For a while, I really didn’t understand where this session was going. Michael spent a bunch of time on the issues of user experience design that I’m not familiar with. I still don’t know why he was talking about the Cuddle Chimp. But then he started talking about the importance of the sketching process to the practice of design. His meta point is that sketching is the root design tool, and different mediums are better or worse at supporting sketching. Drawing, as you might expect, is the best medium for sketching. Hardware is the worst. Michael rated a variety of sketching mediums based on Speed, Provisionality and History Preservation. By this time I figured out they were talking about enabling sketching of hardware.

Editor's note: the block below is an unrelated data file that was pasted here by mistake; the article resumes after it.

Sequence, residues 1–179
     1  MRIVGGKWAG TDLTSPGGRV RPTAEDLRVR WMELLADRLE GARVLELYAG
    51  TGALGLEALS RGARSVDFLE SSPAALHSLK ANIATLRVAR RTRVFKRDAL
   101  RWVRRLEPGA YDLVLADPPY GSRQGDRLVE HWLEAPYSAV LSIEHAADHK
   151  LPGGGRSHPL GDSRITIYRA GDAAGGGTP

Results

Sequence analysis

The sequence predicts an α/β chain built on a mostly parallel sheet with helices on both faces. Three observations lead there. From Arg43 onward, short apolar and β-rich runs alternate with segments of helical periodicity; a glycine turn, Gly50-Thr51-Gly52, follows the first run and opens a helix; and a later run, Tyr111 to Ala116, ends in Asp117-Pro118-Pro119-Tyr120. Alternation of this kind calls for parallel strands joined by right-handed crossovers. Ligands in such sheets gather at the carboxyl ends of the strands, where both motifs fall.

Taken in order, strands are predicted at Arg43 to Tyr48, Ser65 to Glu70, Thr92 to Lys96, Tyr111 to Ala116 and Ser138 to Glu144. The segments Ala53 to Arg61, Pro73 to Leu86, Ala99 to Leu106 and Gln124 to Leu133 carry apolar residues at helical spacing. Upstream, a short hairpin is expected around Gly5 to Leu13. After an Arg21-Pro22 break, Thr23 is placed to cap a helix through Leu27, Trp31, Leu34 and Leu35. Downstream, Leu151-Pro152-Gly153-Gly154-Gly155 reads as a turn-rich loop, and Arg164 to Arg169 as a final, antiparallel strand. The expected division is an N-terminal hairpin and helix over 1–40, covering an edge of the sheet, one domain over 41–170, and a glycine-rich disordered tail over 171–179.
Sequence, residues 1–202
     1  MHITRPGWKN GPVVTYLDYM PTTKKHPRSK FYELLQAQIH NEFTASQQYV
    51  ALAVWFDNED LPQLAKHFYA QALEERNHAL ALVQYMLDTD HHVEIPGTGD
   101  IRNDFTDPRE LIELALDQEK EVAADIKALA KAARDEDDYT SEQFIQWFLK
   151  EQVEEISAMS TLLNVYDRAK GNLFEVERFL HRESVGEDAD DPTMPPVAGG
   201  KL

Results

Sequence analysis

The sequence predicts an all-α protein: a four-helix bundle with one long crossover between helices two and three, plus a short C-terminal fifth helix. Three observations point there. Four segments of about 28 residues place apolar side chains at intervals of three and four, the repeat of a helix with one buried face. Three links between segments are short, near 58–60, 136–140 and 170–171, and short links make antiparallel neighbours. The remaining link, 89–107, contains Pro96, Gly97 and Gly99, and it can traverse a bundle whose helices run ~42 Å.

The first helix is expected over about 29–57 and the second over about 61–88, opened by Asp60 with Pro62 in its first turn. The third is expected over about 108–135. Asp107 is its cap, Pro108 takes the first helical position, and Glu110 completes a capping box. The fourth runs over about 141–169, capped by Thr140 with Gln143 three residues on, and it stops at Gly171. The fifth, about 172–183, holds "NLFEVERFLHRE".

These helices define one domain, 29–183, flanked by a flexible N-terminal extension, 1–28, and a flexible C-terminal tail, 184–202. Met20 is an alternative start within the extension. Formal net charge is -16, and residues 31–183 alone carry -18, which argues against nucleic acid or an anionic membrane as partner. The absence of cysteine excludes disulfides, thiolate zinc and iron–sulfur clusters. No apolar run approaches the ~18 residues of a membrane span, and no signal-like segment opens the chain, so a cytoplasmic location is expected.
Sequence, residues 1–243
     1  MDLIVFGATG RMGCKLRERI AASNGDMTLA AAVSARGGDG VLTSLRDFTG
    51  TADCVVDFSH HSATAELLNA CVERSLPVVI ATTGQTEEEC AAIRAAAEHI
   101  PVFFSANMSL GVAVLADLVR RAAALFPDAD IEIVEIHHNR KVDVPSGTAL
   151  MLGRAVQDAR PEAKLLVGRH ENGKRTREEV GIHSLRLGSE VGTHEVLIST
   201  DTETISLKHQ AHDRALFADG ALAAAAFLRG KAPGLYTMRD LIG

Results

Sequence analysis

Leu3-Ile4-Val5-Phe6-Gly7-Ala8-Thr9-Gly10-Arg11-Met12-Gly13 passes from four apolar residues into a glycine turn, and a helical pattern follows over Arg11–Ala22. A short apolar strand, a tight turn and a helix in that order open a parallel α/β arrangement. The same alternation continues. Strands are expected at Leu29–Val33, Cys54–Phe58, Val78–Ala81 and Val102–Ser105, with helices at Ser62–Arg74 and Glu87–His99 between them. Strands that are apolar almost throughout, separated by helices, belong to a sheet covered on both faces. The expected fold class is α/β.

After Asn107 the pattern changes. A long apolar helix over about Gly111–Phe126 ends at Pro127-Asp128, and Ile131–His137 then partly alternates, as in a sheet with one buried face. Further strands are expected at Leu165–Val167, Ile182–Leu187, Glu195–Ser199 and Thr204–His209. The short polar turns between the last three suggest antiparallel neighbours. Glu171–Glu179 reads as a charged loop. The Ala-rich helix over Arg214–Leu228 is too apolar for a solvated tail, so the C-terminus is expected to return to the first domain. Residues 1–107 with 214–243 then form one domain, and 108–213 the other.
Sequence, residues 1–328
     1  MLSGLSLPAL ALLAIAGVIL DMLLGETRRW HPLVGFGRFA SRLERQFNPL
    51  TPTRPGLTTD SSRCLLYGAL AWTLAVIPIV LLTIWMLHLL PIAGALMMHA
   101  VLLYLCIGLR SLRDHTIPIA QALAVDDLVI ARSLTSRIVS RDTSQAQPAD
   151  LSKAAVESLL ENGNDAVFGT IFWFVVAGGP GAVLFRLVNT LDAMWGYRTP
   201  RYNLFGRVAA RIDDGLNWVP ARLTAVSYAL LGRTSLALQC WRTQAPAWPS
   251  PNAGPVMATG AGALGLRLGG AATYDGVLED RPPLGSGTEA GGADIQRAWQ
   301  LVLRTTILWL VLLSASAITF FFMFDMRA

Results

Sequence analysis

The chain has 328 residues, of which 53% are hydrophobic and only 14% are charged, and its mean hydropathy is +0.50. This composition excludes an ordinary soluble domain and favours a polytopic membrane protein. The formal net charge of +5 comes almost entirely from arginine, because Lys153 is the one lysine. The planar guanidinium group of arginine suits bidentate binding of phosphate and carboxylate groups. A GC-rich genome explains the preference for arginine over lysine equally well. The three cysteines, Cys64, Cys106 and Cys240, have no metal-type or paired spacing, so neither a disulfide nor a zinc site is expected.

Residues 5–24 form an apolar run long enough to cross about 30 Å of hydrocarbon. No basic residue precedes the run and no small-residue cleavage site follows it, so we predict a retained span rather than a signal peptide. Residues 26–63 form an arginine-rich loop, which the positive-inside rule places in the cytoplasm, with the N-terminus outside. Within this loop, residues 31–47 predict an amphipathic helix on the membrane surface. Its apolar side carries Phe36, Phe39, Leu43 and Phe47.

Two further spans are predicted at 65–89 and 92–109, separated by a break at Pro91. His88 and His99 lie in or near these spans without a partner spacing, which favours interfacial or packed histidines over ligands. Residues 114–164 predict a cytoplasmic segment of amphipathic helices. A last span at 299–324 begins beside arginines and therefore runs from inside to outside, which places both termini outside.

Then Matt got up. I didn’t get his bio written down, but he is a professor of experience design. And he was talking about a product he’s been involved in to enable rapid sketching of hardware user experiences using simple sensors and motors. The product is called Nada and it supports Flash and Java. No .NET? Nope, but I spoke to Matt after the session about it. The demos were pretty cool. He controlled the opacity of an element in Flash with a hardware potentiometer. He controlled the speed of a fan based on the current temperature reported via a website. He showed a variety of other sensors like light sensors and flex resiststors. These demos weren’t that compelling, but the potential is huge. It can connect to variety of hardware systems including serial port devices, MIDI devices, plus kits like Teleo and Phidgets. I’m thinking Scott needs to check this out for a future installment of Some Assembly Required.